Before pleading guilty in August, Donaghy, 41, who had worked in the league for 13 years, admitted he traded inside information on games in 2006 and 2007 for cash payments from James Battista and Thomas Martino, friends of his from high school.

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NEW YORK — U.S. District Judge Carol Amon gave disgraced ex-NBA referee Tim Donaghy points, and probably some time off, for his cooperation with federal authorities. But Tuesday, the judge sentenced Donaghy to 15 months in federal prison for wire fraud and transmitting betting information because he was “the central figure in the scheme.”

In disclosing the sentence, which included an additional three years of probation, Amon added, “Without Mr. Donaghy, there was no scheme.”

Before pleading guilty in August, Donaghy, 41, who had worked in the league for 13 years, admitted he traded inside information on games in 2006 and 2007 for cash payments from James Battista and Thomas Martino, friends of his from high school.

Donaghy will be required to serve at least 12 months.

The Drexel Hill, Pa., native, who could have received up to 33 months under federal sentencing guidelines, was told to surrender Sept. 23. His attorney, John Lauro, requested Donaghy be allowed to serve the sentence in a federal prison camp in Pensacola, Fla.

Amon agreed to make that recommendation, noting she does not make that decision. Donaghy was recently divorced, but his four daughters live in Florida.

Donaghy also has to pay the league restitution of slightly less than $100,000 for games where he didn’t deliver “honest services.” As part of the restitution, he was ordered to pay 15 percent of his “net disposable income” during his three years on probation.

Before the sentencing, Donaghy was asked by the judge if he had anything he wanted to say. “I’m very sorry for the actions that brought shame upon myself, my family, and the profession I loved,” he said, standing in front of the judge, his arms folded.

At that point, Donaghy’s voice caught for a moment.

“I’m trying to turn my life around,” Donaghy said quietly.

He later showed no visible emotion after the sentence was announced.

There was some hope in the Donaghy camp he might receive a slightly lighter sentence than the other two men sentenced last week for their roles in the betting schemes, because he was the only defendant to cooperate with investigators. But Battista also received 15 months in prison, and Martino was sentenced to a year and a day. Both will also be on probation for three years.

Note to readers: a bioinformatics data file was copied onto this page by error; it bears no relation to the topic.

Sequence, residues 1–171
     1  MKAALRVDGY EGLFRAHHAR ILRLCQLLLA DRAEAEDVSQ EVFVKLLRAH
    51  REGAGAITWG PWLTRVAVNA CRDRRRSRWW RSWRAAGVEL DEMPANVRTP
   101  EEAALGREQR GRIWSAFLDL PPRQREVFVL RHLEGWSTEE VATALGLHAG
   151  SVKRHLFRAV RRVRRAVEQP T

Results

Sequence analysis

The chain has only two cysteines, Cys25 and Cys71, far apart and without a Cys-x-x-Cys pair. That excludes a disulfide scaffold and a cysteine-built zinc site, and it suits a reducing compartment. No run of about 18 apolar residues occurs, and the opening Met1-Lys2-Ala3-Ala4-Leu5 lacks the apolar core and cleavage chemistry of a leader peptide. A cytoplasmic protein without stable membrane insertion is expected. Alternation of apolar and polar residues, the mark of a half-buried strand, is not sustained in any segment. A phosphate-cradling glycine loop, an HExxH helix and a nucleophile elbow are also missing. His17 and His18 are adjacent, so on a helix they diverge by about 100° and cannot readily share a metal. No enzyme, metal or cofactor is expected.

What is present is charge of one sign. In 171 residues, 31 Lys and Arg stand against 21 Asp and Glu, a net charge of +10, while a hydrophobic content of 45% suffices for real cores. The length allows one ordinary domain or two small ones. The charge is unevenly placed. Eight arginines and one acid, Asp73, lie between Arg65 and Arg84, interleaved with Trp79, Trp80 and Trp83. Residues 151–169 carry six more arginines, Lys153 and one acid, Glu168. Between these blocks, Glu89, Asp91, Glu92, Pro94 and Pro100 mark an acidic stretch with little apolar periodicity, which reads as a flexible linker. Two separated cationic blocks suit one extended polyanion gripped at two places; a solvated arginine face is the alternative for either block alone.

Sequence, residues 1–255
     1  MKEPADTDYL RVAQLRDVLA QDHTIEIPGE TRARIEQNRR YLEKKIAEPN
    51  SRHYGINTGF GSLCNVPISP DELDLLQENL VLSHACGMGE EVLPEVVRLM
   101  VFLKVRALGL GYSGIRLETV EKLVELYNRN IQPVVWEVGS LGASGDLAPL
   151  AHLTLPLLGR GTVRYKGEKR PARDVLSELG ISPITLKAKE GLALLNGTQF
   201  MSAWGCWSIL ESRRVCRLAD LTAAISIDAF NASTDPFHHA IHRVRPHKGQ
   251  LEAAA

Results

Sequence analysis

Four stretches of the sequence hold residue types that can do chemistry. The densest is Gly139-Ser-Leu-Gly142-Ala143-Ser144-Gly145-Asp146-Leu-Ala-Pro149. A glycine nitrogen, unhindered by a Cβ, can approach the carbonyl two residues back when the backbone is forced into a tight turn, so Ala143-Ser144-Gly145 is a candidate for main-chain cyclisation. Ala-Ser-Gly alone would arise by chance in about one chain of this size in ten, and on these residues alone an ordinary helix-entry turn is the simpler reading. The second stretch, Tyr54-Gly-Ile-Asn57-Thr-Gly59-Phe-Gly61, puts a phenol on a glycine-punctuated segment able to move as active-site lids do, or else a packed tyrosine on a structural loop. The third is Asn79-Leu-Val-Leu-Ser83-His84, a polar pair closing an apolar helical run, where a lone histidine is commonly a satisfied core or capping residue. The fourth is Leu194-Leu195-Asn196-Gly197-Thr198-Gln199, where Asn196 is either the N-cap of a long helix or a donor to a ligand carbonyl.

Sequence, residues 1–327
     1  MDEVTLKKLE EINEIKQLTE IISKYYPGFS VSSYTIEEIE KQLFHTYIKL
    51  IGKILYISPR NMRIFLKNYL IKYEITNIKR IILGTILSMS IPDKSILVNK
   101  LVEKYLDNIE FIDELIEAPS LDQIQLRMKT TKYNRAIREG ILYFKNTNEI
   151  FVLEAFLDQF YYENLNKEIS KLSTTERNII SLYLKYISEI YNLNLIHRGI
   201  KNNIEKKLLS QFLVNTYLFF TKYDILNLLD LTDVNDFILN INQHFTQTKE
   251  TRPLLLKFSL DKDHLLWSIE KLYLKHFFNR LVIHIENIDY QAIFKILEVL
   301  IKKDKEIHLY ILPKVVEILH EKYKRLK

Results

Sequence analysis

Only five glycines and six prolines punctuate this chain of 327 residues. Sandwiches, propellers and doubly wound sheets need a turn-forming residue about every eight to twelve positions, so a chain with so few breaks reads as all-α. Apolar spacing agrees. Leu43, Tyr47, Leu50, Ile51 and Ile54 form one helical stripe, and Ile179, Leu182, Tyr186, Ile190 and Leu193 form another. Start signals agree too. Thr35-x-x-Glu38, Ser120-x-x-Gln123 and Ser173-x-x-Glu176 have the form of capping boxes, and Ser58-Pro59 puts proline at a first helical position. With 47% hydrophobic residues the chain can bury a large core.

Amon said Donaghy’s admission that he also helped another Delaware County, Pa., man, Jack Concannon, with betting information before Battista and Martino ever approached him factored into the sentence.

Donaghy’s attorney said his client showed integrity in owning up to his mistakes. “He told it all — the good, the bad and the ugly,” Lauro said. “He had to do it because it was the right thing to do. … The bottom line is that Mr. Donaghy has been a model cooperator.”

But the judge focused on his earlier lack of integrity. “In terms of maintaining the integrity of the sport of NBA basketball, his job was critical,” Amon said, talking about how his job was to uphold the rules of the league, “not one compromised by a financial interest in the very games he was officiating.”

The judge did not bring up Donaghy’s assertions in court filings that games had been affected by the actions of other officials or that the integrity of playoff games was undermined by the league’s desire to have longer playoff series.

Assistant U.S. Attorney Jeffrey Goldberg acknowledged Donaghy did cooperate with prosecutors, but questioned some statements by Lauro about the extent of his cooperation, particularly in one area — that he was willing from the start to cooperate with the NBA. Goldberg said attorneys for the league denied that suggestion.

Sources: Rockets might acquire Artest

HOUSTON — The Houston Rockets are close to an agreement to acquire forward Ron Artest from the Sacramento Kings, two people familiar with the negotiations told The Associated Press.

The Rockets will give up guard Bobby Jackson, who played for the Kings from 2000 to 2005, and another player — likely rookie forward Donte Greene, according to two league sources who confirmed the deal but spoke on condition of anonymity because no official announcement had been made.

Artest’s long-anticipated move from Sacramento probably can’t be announced yet because Greene, acquired by the Rockets on draft night last month, signed a contract with Houston on July 14.

A player can’t be traded within 30 days of signing a contract, according to league rules.

The Kings confirmed that the teams had spoken about Artest, 28, who averaged 20.5 points last season.


• The Charlotte Bobcats ended a year of uncertainty with forward-center Emeka Okafor, 25, by coming to terms on a six-year, $72 million deal with the restricted free agent. Okafor averaged 13.8 points and 10.7 rebounds last season, the fourth consecutive season he has averaged a double-double.

• Forward Luol Deng, 23, and the Chicago Bulls have agreed on a six-year contract worth more than $70 million, reported, citing league front-office sources.

Deng averaged 17 points last season.

• Philadelphia signed guard Kareem Rush, 27, who averaged 8.3 points for the Indiana Pacers last season. Rush reportedly will make about $1 million this season.

• New York waived forward Bobby Jones, 24, and guard Taurean Green, 21, a day after getting them in a trade that sent Renaldo Balkman, 24, to Denver. Jones is a former Washington Husky.